1 Samuel 17:10
And the Philistine said, I defy the armies of Israel this day; give me a man, that we may fight together.
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17:1-11 Men so entirely depend upon God in all things, that when he withdraws his help, the most valiant and resolute cannot find their hearts or hands, as daily experience shows.Spear's-head - literally, "the flame of his spear," the metal part which flashed like a flame.

Six hundred shekels - i. e., between seventeen and eighteen pounds avoirdupois.

8-11. I defy the armies of Israel …; give me a man, that we may fight together—In cases of single combat, a warrior used to go out in front of his party, and advancing towards the opposite ranks, challenge someone to fight with him. If his formidable appearance, or great reputation for physical strength and heroism, deterred any from accepting the challenge, he used to parade himself within hearing of the enemy's lines, specify in a loud, boastful, bravado style, defying them, and pouring out torrents of abuse and insolence to provoke their resentment. No text from Poole on this verse. And the Philistine said, I defy the armies of Israel this day,.... Or "reproach" (s) them; that is, should they not accept his challenge, and send down a man to fight with them, he should then upbraid them with cowardice; and now he disdained them, as if there was not a man among them that dared to encounter with him:

give me a man that we may fight together; and so decide the controversy between us; such as were those duels fought between Paris and Menelaus in the Trojan war, and between the Lacedemonians and the Argives in the times of Orthryades, and between the Athenians and Romans by the Horatii and Curiatii, as Grotius observes.

(s) "exprobravo". V. L. Pagninus, Montanus; "probro affeci", Tigurine version; "probro affecero", Junius & Tremellius.

And the Philistine said, I defy the armies of Israel this day; give me a man, that we may fight together.
And the (well-known) champion came out of the camps of the Philistines (הבּנים אישׁ, the middle-man, who decides a war between two armies by a single combat; Luther, "the giant," according to the ἀνὴρ δυνατὸς of the lxx, although in 1 Samuel 17:23 the Septuagint translators have rendered the word correctly ἀνὴρ ὁ ἀμεσσαῖος, which is probably only another form of ὁ μεσαῖος), named Goliath of Gath, one of the chief cities of the Philistines, where there were Anakim still left, according to Joshua 11:22. His height was six cubits and a span (6 1/4 cubits), i.e., according to the calculation made by Thenius, about nine feet two inches Parisian measure, - a great height no doubt, though not altogether unparalleled, and hardly greater than that of the great uncle of Iren, who came to Berlin in the year 1857 (see Pentateuch, p. 869, note).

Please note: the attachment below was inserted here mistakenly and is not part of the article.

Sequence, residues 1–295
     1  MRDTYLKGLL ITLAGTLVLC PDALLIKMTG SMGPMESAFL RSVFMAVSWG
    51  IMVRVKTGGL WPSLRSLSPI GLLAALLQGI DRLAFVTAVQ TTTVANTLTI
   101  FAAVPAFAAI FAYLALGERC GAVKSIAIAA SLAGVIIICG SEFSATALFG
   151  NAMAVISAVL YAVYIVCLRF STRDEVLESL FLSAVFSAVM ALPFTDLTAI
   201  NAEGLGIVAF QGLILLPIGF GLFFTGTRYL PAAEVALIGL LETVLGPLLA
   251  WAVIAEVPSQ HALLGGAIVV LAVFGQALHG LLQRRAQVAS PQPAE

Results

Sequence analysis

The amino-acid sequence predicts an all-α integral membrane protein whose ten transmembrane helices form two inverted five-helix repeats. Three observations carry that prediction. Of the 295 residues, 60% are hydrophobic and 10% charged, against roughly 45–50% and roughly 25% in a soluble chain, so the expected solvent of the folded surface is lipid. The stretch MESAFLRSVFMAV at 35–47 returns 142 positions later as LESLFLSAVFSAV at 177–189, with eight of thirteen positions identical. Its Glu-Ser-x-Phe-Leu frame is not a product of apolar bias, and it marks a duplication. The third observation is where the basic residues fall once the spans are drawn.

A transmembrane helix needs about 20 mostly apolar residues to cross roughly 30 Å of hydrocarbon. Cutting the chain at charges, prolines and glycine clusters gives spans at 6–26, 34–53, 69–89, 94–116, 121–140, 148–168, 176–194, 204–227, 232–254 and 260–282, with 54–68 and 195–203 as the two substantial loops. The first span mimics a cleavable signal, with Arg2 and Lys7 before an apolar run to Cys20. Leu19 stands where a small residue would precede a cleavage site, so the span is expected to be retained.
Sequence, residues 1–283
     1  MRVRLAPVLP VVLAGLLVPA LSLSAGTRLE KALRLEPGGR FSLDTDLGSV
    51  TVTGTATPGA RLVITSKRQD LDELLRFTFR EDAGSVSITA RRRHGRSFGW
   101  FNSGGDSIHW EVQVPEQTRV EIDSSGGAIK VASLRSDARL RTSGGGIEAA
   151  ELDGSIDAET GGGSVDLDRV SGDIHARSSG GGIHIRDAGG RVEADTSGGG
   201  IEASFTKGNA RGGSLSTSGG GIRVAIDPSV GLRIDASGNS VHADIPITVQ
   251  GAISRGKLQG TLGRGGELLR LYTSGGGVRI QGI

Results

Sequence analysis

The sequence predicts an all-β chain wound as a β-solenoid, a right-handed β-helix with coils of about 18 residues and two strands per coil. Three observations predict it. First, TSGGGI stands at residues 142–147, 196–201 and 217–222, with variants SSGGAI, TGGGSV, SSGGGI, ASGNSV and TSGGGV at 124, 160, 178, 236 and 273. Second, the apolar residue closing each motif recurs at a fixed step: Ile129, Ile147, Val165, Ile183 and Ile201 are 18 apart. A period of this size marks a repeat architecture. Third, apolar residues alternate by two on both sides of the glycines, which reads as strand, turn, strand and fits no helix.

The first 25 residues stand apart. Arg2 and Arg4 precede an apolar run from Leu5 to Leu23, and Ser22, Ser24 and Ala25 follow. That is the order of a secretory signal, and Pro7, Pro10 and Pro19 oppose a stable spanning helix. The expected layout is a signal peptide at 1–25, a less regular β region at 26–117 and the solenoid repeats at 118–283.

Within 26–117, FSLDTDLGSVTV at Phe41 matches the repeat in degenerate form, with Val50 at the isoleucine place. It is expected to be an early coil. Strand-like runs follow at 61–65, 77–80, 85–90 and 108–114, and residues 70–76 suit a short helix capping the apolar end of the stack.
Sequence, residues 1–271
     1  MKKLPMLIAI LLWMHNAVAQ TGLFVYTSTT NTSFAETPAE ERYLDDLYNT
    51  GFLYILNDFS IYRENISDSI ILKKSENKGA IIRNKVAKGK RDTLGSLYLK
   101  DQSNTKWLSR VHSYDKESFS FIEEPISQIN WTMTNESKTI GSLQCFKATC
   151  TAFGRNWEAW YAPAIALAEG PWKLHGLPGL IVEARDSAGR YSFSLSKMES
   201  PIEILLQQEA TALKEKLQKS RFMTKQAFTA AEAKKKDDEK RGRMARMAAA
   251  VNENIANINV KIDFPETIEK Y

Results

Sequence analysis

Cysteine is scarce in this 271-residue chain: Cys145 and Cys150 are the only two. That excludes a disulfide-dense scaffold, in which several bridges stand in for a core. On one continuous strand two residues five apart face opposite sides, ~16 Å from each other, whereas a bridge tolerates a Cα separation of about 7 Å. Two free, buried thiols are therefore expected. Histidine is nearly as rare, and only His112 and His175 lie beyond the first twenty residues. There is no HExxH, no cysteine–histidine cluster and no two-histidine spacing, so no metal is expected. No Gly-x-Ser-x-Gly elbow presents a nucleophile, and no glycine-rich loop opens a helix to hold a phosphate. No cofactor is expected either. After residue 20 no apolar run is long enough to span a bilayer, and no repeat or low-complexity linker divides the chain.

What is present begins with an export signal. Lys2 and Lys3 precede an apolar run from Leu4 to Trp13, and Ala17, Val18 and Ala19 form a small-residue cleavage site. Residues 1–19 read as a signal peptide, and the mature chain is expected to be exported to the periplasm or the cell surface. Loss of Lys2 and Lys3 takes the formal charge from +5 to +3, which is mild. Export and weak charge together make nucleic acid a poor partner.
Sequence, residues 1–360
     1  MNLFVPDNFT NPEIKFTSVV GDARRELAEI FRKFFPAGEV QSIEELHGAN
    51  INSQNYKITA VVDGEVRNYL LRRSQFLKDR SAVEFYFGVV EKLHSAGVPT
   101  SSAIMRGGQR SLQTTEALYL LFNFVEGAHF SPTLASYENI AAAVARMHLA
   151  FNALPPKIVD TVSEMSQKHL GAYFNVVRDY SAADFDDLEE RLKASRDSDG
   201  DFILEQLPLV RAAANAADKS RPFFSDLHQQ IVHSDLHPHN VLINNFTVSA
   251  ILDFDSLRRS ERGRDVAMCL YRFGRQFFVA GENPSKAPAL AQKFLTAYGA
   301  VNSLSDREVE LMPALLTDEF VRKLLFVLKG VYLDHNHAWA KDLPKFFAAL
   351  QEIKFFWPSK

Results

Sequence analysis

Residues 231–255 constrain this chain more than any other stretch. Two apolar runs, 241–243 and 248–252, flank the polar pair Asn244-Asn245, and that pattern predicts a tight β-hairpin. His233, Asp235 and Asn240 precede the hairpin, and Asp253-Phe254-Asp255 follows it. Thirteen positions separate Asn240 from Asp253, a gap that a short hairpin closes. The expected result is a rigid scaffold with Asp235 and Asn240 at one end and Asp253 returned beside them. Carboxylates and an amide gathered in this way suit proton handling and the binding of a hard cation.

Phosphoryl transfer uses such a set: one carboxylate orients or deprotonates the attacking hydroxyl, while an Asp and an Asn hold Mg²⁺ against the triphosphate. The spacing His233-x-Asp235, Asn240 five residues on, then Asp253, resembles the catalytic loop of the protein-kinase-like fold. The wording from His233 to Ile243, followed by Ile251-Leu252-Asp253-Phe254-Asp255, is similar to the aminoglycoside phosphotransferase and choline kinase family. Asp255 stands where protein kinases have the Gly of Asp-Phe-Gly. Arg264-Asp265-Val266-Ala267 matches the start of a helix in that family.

(Note: According to Pliny (h. n. vii. 16), the giant Pusio and the giantess Secundilla, who lived in the time of Augustus, were ten feet three inches (Roman) in height; and a Jew is mentioned by Josephus (Ant. xviii. 4, 5), who was seven cubits in height, i.e., ten Parisian feet, or if the cubits are Roman, nine and a half.)

The armour of Goliath corresponded to his gigantic stature: "a helmet of brass upon his head, and clothes in scale armour, the weight of which was five thousand shekels of brass." The meaning scales is sustained by the words קשׂקשׂת in Leviticus 11:9-10, and Deuteronomy 14:9-10, and קשׂקשׂות in Ezekiel 29:4. קשׂקשּׂים שׁריון, therefore, is not θώραξ ἁλυσιδωτός (lxx), a coat of mail made of rings worked together like chains, such as were used in the army of the Seleucidae (1 Macc. 6:35), but according to Aquila's φολιδωτόν (scaled), a coat made of plates of brass lying one upon another like scales, such as we find upon the old Assyrian sculptures, where the warriors fighting in chariots, and in attendance upon the king, wear coats of scale armour, descending either to the knees or ankles, and consisting of scales of iron or brass, which were probably fastened to a shirt of felt or coarse linen (see Layard, Nineveh and its Remains, vol. ii. p. 335). The account of the weight, 5000 shekels, i.e., according to Thenius, 148 Dresden pounds, is hardly founded upon the actual weighing of the coat of mail, but probably rested upon a general estimate, which may have been somewhat too high, although we must bear in mind that the coat of mail not only covered the chest and back, but, as in the case of the Assyrian warriors, the lower part of the body also, and therefore must have been very large and very heavy.

(Note: According to Thenius, the cuirass of Augustus the Strong, which has been preserved in the historical museum at Dresden, weighted fifty-five pounds; and from that he infers, that the weight given as that of Goliath's coat of mail is by no means too great. Ewald, on the other hand, seems to have no idea of the nature of the Hebrew eights, or of the bodily strength of a man, since he gives 5000 lbs. of brass as the weight of Goliath's coat of mail (Gesch. iii. p. 90), and merely observes that the pounds were of course much smaller than ours. But the shekel did not even weight so much as our full ounce. With such statements as these you may easily turn the historical character of the scriptural narrative into incredible myths; but they cannot lay any claim to the name of science.)

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